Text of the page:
Rise of the Zombies: How Reviving Long-Dead Corporations at CERCLA Sites Can Save Your Client Money
The seventh season of AMC’s hit drama The Walking Dead is under way, but the zombies more pertinent to your environmental law practice are ones you may not even know exist. In recent years, attorneys have pioneered the practice of reviving “zombie corporations”—dissolved corporations that possess untapped insurance assets—for the purposes of contributing to site cleanup efforts. A successful “zombie practice” can go a long way to facilitating rapid site cleanups and, just as importantly, minimizing your own client’s potential liability.
What Is a Zombie Corporation?
Even if a corporation is no longer in business, it still may have unexhausted insurance policies. Courts are increasingly allowing claimants to “revive” these “zombie corporations” and make claims against such policies. The seminal opinion is In re Krafft-Murphy, which held that under Delaware law, unexhausted insurance policies constitute “property” accessible to any creditors that become known after dissolution. See 82 A.3d 696, 704 (Del. 2013). This makes good policy sense—if a corporation insures its environmental practices and pays its premiums, there is a good argument for requiring insurers to pay when reimbursement-eligible events occur as a result of activities conducted during the coverage period.
Dissolved corporations take two forms: “dead” corporations, which have dissolved but have not distributed their assets, and “dead and buried” corporations, which have distributed their assets to shareholders. GTE Products, 844 F. Supp. at 1012. If a “dead” corporation has not been “buried”— that is, it retains some assets—those resources may be available to respond to claims under the Comprehensive Environmental Response, Compensation, and Liability Act (CERCLA). Id. However, some courts have gone even further, allowing claims to proceed against “dead and buried” corporations, provided that certain conditions are met.
In general, CERCLA overlays state corporate law and does not abrogate or circumvent it. See United States v. Bestfoods, 524 U.S. 51, 63 (1998) (CERCLA’s broad legislative purpose, absent conflict, is insufficient to replace “the entire corpus of state corporate law”). But if the two schemes clash, state law yields to the federal statute, which “defines a ‘person’ liable under the statute to include a ‘corporation’ . . . without regard to its current status.” Allied Corp. v. Acme Solvents Reclaiming, Inc., 1990 WL 322940 (N.D. Ill. July 6, 1990); see also Bestfoods, 524 U.S. at 63 (where conflict of laws exists, “it would be violative of Congressional intent to have to pierce the veil of each and every fictional corporation between a subsidiary and its ultimate controlling parent”); AM Properties Corp. v. GTE Products Corp., 844 F. Supp. 1007, 1012 (D.N.J. 1994) (“it does not appear that Congressional intent was to permit fifty different schemes of liability based on state statutes defining corporate capacity to be sued”). Unless states have specifically enacted corporate statutes to limit the liability of dead and buried corporations—more on that below—a dissolved corporation may still be a viable party.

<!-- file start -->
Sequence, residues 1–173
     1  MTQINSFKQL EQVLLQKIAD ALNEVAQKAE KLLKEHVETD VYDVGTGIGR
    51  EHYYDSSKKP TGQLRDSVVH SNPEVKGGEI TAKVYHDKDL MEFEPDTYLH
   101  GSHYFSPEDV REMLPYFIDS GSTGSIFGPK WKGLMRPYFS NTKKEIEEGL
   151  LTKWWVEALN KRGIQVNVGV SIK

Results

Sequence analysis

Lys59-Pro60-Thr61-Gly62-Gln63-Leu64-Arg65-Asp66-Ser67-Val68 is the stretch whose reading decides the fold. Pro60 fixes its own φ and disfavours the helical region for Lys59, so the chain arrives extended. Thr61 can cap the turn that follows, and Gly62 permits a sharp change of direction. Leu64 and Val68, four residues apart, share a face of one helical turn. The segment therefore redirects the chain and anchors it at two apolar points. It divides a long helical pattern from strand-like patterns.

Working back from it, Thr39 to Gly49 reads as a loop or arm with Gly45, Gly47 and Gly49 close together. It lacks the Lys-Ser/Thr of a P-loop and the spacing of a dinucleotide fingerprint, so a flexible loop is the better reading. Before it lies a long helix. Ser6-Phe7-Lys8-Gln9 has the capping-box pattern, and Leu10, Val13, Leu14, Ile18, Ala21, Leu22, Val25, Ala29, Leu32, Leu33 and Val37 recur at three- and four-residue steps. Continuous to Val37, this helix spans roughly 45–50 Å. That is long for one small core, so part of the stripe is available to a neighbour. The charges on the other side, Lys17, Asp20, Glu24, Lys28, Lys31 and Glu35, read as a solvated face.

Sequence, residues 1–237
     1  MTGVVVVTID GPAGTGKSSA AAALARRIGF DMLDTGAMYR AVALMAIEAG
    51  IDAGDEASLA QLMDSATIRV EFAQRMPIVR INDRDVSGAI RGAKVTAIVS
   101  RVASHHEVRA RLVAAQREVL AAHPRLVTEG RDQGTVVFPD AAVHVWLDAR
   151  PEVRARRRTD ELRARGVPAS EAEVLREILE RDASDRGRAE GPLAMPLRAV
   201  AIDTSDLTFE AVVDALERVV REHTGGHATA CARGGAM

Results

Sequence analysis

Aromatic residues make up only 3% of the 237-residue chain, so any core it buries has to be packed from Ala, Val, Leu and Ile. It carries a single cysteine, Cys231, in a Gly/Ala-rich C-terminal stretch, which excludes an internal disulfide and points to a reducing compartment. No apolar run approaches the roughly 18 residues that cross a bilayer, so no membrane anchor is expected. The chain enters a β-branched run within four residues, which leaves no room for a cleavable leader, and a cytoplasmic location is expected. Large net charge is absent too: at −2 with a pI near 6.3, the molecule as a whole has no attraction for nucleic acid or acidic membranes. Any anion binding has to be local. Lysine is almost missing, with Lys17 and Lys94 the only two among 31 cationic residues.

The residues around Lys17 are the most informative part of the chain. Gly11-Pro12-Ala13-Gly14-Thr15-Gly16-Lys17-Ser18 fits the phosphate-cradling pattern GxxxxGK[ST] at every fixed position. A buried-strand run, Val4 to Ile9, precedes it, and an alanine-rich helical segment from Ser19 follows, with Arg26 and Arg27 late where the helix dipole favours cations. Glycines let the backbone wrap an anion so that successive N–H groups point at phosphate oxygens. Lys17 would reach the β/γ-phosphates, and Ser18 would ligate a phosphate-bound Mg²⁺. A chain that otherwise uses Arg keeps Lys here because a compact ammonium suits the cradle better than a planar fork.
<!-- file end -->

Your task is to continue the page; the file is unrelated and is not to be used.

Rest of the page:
If you know or have reason to suspect that defunct potentially responsible parties (PRPs) possess unused insurance assets, don’t let their current status deter you from naming them.
How Can a Zombie Corporation Be Revived?
Leave your bad undead puns at the courthouse door, because there is no special form or procedure for impleading a “zombie corporation”—it is enough to name the corporation as you would any other defendant. The first practical problem that will arise relates to the representation of the zombie, though: how do you serve a zombie? The best practice is to attempt to serve the last known officer or agent. Once that individual rejects service on the grounds of corporate nonexistence, head over to the local newspaper of record. All states have laws that allow plaintiffs to sue unknown or absent defendants by publishing notice of the suit in one or more newspapers, assuming the plaintiff has made reasonable efforts to locate the defendant. The exact parameters vary from state to state, but service by publication is the tool most likely to wake the undead corporation.
Once the service of process is complete, a related issue is the identity of the zombie client. The corporation, which no longer exists, cannot be a client. And in CERCLA matters, insurers, who are often defending under a reservation of rights, cannot be the client, either. (In fact, “zombie corporation” practice underscores the importance of insurer-retained independent counsel since the insurers are probably displeased that they must commit resources to an insured that no longer exists!) Thus, attorneys may ask the court to appoint a third-party trustee to manage the dissolved corporation’s undistributed property— including the insurance assets. In some states, this procedure may be prescribed by law. See Krafft-Murphy, 82 A.3d at 704 (finding that court may appoint a receiver to defend allowed claims). Oftentimes, the trustee’s fees are split between the insurer and the site’s solvent PRPs, for whom paying to “revive” a zombie corporation is a sound investment given the chance of recovering potentially substantial insurance assets.